“We are trying to be strong.” Stories from relatives of Georgian fighters killed in Ukraine
Georgian volunteers in Ukraine
Since February 24, the beginning of the Russian invasion of Ukraine, dozens of Georgian volunteers have gone to the front to fight. Some to help civilians, others to fight.
Last week the body of 46-year-old Mikhail Kaplanishvili was brought to Tbilisi. On October 21, near Lugansk, he was surrounded by fighters from the Russian Wagner mercenary group. Two more Georgian fighters have been killed in Ukraine — 24-year-old Alexander Martiashvili and 40-year-old Guga Gagnidze.
At this point, according to unofficial estimates, more than twenty Georgian soldiers have died in Ukraine.
JAMnews talked to family members of the victims and heard their stories.
David Gobejishvili, 47 years old. Died on March 26 in Irpin.
Marika Kublashvili, wife of David Gobejishvili:
“He was 18 years old when the war in Abkhazia began. He lived then in Sukhumi. After that he always fought against Russia somewhere. He went to the August war without enlisting at all.
When Russia invaded Ukraine he had a ticket to Poland. From there he had to go through Mexico to America, like many others. But when the war began, he immediately said that he should go to Ukraine, and not to America.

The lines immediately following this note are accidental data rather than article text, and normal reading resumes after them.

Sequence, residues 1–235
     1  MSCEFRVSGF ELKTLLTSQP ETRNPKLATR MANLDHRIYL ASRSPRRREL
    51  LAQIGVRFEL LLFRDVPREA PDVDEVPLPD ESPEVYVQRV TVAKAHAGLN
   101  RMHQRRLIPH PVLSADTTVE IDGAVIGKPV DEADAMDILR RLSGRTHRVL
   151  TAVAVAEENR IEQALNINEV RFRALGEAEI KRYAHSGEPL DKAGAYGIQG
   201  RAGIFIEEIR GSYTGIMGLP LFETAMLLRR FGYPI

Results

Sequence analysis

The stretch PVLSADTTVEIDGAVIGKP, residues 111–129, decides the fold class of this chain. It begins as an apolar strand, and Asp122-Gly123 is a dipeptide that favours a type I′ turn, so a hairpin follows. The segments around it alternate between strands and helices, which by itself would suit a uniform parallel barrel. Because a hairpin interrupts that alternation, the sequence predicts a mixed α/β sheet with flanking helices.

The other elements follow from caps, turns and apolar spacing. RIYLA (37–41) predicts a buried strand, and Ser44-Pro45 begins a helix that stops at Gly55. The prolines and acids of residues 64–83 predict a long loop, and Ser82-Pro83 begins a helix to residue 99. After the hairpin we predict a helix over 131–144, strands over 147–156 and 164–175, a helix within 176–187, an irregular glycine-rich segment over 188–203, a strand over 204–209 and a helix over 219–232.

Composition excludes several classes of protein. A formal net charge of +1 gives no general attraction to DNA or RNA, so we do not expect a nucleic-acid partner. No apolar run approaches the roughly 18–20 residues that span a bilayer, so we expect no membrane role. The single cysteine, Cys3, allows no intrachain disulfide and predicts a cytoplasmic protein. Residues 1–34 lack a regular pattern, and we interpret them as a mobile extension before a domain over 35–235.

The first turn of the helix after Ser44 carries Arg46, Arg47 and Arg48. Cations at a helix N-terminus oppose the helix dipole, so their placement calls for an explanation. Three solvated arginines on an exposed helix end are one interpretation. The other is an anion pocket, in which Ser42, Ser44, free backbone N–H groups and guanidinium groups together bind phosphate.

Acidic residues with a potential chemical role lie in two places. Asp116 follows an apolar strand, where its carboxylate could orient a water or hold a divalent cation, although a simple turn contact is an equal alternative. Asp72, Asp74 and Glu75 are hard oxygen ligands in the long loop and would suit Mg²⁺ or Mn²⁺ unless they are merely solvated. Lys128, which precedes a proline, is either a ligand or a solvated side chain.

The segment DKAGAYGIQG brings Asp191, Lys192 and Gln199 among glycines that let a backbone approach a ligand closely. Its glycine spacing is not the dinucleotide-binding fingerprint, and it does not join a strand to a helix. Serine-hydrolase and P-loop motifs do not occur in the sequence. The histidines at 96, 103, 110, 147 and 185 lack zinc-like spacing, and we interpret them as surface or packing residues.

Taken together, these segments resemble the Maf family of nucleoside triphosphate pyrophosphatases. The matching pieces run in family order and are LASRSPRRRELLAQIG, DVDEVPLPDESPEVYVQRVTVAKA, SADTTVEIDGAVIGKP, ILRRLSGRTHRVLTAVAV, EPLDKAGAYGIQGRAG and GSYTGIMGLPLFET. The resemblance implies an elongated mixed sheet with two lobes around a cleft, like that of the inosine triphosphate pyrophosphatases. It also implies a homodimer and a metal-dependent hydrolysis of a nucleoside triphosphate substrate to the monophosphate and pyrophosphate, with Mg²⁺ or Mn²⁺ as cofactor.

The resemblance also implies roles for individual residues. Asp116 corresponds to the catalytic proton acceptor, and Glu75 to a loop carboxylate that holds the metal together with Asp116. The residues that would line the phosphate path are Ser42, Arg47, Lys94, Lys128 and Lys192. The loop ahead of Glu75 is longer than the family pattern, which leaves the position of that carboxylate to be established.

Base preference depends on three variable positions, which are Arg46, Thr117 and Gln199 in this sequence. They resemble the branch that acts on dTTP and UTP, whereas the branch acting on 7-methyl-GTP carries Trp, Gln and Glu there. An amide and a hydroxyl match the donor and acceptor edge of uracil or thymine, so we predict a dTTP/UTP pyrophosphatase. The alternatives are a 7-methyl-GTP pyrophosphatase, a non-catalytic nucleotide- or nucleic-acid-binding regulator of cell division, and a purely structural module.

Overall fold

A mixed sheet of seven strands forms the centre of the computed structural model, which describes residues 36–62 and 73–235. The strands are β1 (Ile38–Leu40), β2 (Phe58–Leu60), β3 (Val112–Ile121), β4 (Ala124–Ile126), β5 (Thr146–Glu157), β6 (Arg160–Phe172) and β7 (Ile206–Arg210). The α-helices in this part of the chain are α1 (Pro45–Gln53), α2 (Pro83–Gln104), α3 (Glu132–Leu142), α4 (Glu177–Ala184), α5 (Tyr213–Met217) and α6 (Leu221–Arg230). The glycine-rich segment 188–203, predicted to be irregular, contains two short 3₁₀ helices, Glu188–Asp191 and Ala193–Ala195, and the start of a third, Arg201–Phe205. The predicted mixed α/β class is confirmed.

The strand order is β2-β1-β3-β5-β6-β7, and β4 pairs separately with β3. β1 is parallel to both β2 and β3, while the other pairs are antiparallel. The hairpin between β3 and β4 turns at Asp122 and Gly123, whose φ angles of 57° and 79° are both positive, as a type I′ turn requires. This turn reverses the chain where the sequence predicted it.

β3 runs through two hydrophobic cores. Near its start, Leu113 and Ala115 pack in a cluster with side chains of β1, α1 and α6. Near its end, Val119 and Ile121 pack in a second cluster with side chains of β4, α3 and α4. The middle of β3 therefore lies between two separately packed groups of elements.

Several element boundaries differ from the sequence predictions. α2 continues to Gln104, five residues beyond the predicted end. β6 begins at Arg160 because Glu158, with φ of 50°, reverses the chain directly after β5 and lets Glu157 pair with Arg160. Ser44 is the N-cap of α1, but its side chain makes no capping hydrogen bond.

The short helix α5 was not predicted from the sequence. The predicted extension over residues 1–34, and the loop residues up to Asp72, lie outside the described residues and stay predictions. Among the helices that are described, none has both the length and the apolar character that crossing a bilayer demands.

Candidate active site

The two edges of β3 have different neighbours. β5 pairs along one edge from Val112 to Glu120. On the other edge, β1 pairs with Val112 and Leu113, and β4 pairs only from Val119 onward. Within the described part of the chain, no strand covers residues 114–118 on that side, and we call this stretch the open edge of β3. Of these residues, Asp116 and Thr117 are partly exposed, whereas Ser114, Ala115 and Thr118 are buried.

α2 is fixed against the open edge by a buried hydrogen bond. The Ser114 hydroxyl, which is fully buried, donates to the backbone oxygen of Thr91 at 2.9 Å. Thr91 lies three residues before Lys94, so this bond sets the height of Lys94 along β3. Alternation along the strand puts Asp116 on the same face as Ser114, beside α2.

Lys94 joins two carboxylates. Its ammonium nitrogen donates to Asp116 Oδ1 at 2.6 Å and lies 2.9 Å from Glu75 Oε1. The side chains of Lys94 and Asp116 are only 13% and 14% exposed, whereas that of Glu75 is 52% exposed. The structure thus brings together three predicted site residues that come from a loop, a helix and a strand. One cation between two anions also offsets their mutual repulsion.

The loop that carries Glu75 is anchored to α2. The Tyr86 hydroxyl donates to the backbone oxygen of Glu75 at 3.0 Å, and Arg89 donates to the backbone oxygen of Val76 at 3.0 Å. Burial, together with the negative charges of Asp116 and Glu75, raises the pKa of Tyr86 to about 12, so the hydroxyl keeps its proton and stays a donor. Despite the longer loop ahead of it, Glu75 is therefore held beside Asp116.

He was very worried about this. I knew he wouldn’t stop. But he was still going to America with a relative, and I thought that he would not give up America and go to Ukraine because of this boy with him, a relative.
Georgian volunteers in Ukraine
When he flew to Poland, he had to be in quarantine because he had no vaccinations [against covid]. There were three days left before the end of the quarantine when he told me: “Marika, don’t be afraid, don’t disturb the children. But I can’t stay here, I have to go to Ukraine.
I panicked, I tried to convince him not to, but he told me that it wasn’t for long, that he had to help, repay some sort of debt. The whole family pleaded with him day and night, but to no avail.
On March 21, he left Poland alone. He called us on the way. When he arrived, we never spoke to him on video so that I could not see what was really going on there. He wrote to me that he was in a three-room apartment in Kyiv and everything was fine. I calmed down a bit.
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He could not contact us much, he would tell us that the internet didn’t work well. His comrades later told us they were under fire at those moments. He left on March 21st and died on the 26th. He did not have a minute of rest, he fought the whole time as a sniper.